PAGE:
Very Good condition Region 2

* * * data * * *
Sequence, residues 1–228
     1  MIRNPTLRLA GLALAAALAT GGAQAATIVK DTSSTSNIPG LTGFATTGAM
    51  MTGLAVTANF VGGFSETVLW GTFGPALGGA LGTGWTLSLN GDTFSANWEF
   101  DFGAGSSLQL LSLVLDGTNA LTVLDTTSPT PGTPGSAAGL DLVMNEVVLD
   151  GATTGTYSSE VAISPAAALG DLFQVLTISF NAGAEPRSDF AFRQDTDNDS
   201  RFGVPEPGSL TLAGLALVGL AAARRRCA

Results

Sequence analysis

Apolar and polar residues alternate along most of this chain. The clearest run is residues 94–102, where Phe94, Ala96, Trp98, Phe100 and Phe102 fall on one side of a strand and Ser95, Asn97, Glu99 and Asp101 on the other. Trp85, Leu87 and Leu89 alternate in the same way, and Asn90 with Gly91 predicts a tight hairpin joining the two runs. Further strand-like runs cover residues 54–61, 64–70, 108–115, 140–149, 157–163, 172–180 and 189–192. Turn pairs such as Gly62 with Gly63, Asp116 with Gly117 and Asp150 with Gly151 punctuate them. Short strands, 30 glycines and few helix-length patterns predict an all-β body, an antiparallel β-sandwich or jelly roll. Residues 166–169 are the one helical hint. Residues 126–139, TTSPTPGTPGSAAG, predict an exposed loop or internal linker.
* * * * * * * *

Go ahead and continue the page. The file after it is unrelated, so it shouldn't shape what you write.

Six classic films from the great French film director. 'The 400 Blows' (1959), Truffaut's semi-autobiographical first feature, stars Jean-Pierre Leaud as Antoine Doinel, an unruly young Parisian whose unhappiness leads him into trouble. Frequently running away from school and home, Antoine spends much of his time playing with his friends on the streets of the city; but events take a more serious turn when an accusation of plagiarism leads him to quit school and the theft of a typewriter lands him in trouble with the police. In 'Shoot the Pianist' (1960), Truffaut portrays a film noir world of gangsters and intrigue, with Charles Aznavour as a famous concert pianist who leaves his former life behind to play in a sleazy Parisian bar. He gradually becomes involved in the criminal activities of the big-city underworld. 'Jules and Jim' (1962) is a classic tale of a love triangle which takes place over 20 years, both before and after World War I. Jeanne Moreau stars as Catherine, the beautiful and unpredictable woman who maintains a delicate relationship with two friends, the quiet German Jules (Oskar Werner) and the romantic Parisian Jim (Henri Serre). The War intervenes and drives the men to the opposing fronts; afterwards, the two quickly resume their friendship, but the balance of their relationship with Catherine is now upset by more adult concerns. 'Anne and Muriel' (1971) was Truffaut's second adaptation of a Henri-Pierre Roche novel (the other being 'Jules and Jim') and is also about a menage-a-trois, although this time set in nineteenth century Wales. Claude (Leaud), an aspiring young French writer, spends a holiday on the Welsh coast with an English family and falls in love with the two daughters, Ann (Kika Markham) and Muriel (Stacey Tendeter). Truffaut's final film, 'Finally, Sunday!' (1983) is a comedy thriller with a Hitchcockian theme. Shot in the style of a classic American thriller - in crisp black and white - a company boss (Jean-Louis Trintignant) is accused of murdering his wife (Marie-Christine Vercel) and her lover (Jean-Pierre Kalfon), and the evidence seems to support this. Whilst he is hiding from the police, his secretary (Fanny Ardant) takes on the role of detective and she uncovers illicit love affairs, prostitution rings and skeletons in everyone's closets before she identifies the real culprit. In 'The Woman Next Door' (1981), the ghost of a tempestuous affair is reawakened when two lovers, estranged for 10 years and now both newly married, coincidentally move next door to each other. Truffaut wrote the leading roles especially for his two stars, Gerard Depardieu and Fanny Ardant.